Prescription Opioid Pain-relief is Overrated
After countless overdose deaths, it turns out that opioid pain-killers are actually no better than over the counter pain-killers. In a new head-to-head study against over the counter medicines such as Tylenol, ibuprofen and aspirin, opioid products made no significant improvement in pain reduction.
As reported by the Los Angeles Times, for all their risks, opioids had no pain-relieving advantage in a yearlong clinical trial.
For years, doctors turned to opioid painkillers as a first-line treatment for chronic back pain and aches in the joints. Even as the dangers of addiction and overdoses became more clear, the drugs’ pain-relieving benefits were still thought to justify their risks. Now researchers have hard data that challenges this view.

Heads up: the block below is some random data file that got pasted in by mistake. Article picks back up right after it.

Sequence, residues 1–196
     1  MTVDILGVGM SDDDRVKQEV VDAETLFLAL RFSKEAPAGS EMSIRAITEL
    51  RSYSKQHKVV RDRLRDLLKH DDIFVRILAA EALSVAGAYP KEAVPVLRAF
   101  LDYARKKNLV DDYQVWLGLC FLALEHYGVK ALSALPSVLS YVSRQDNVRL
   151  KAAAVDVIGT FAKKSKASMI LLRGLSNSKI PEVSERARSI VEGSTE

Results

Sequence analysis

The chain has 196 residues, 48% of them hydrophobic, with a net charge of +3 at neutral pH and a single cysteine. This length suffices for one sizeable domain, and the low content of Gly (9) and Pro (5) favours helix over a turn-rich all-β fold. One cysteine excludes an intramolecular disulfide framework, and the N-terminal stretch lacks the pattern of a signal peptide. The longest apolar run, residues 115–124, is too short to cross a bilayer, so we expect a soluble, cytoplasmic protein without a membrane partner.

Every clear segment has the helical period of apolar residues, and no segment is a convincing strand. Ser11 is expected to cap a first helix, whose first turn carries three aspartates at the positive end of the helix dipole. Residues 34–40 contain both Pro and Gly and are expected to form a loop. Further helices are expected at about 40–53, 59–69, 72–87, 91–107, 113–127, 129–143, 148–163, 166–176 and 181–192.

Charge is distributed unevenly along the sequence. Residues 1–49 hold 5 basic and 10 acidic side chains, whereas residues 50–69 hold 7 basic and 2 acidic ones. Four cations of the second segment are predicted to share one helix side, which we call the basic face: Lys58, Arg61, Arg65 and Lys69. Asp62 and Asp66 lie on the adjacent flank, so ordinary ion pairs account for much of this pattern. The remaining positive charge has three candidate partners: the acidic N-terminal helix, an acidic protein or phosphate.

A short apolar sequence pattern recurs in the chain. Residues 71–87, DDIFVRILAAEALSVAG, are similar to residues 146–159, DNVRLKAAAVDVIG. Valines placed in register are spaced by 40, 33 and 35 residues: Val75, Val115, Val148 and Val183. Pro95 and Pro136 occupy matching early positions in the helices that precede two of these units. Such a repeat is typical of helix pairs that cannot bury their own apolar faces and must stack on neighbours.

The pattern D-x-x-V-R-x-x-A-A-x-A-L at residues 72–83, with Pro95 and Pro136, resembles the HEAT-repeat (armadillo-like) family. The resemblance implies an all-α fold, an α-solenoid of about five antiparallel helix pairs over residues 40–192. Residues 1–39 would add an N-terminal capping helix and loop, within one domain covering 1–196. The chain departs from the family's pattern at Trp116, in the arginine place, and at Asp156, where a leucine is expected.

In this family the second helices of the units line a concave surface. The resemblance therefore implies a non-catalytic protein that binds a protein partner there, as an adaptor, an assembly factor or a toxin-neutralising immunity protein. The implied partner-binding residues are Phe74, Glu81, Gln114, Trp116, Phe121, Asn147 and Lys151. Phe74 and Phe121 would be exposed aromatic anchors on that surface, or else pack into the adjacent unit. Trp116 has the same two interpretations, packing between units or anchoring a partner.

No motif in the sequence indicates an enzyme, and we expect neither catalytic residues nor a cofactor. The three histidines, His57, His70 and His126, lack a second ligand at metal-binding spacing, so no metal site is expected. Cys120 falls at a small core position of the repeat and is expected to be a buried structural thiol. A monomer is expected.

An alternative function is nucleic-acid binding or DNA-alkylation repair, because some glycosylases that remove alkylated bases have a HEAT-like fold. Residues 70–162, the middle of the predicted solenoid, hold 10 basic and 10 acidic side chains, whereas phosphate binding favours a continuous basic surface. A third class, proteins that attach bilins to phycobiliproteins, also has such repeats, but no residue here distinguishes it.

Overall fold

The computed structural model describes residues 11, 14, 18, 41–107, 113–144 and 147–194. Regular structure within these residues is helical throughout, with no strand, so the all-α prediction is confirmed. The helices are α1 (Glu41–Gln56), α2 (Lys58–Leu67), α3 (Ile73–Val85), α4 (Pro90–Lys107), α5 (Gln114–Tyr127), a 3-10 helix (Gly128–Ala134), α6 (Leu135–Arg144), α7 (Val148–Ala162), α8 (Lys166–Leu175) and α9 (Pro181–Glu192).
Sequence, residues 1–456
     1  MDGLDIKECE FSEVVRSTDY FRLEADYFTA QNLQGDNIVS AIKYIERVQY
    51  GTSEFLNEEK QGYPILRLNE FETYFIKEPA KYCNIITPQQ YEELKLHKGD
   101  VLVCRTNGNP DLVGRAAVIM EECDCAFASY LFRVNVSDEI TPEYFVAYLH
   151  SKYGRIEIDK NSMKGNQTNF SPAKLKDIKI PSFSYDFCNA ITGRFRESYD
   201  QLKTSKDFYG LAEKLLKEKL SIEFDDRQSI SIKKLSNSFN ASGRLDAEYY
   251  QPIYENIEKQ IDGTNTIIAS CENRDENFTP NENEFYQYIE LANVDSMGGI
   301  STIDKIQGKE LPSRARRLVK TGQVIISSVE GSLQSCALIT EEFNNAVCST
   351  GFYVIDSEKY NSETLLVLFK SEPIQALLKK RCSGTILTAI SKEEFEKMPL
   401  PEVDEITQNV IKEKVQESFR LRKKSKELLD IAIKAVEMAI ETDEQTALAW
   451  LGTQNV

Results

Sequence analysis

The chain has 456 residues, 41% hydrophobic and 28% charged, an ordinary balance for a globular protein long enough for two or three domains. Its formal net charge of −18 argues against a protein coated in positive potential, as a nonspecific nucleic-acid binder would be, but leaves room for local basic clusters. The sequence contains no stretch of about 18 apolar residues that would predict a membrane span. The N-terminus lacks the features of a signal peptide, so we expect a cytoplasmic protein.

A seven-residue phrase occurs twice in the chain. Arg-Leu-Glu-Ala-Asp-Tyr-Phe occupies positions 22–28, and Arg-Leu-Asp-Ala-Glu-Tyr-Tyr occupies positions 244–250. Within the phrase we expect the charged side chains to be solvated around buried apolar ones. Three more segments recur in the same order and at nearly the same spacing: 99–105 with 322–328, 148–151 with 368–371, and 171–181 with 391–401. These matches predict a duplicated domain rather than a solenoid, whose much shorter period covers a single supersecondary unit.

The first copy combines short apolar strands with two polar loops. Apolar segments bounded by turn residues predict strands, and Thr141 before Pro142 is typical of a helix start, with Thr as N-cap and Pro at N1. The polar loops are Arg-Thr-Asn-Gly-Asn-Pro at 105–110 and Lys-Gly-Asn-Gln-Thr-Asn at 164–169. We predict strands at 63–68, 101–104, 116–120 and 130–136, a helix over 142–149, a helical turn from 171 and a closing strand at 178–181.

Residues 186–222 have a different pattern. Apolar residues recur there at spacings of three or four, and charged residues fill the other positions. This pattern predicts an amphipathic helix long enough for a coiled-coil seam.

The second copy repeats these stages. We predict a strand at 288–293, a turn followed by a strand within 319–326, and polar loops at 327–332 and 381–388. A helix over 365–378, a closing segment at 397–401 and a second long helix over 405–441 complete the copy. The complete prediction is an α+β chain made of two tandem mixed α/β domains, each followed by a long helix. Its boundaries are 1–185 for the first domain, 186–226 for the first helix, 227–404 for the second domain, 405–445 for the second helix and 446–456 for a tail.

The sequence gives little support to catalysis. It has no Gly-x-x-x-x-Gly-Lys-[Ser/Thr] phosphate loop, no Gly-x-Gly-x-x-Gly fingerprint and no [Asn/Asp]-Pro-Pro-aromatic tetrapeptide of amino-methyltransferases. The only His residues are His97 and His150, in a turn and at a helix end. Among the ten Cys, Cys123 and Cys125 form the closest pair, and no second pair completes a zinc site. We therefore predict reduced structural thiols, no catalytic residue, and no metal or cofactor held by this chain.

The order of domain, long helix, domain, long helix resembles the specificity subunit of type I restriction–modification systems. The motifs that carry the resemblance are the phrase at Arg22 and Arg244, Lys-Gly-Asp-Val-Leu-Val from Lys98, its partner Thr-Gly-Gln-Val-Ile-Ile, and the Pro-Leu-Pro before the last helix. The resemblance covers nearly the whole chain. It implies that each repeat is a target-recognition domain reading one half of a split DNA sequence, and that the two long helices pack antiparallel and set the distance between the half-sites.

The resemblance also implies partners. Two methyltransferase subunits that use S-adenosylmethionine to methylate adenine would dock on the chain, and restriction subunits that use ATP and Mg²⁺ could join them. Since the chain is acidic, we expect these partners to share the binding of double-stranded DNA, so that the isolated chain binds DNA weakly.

In the first randomized clinical trial to make a head-to-head comparison between opioids and other kinds of pain medications, patients who took opioids fared no better over the long term than patients who used safer alternatives.
“There was no significant difference in pain-related function between the 2 groups over 12 months,” researchers reported Tuesday in the Journal of the American Medical Assn.
“Treatment with opioids compared with non-opioid medications did not result in significantly better pain-related function over 12 months,” the study concluded. “Results do not support initiation of opioid therapy for moderate to severe chronic back pain or hip or knee osteoarthritis pain.”
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To read more about how new research casts serious doubt on the use of opioids for chronic pain, please visit The Los Angeles Times.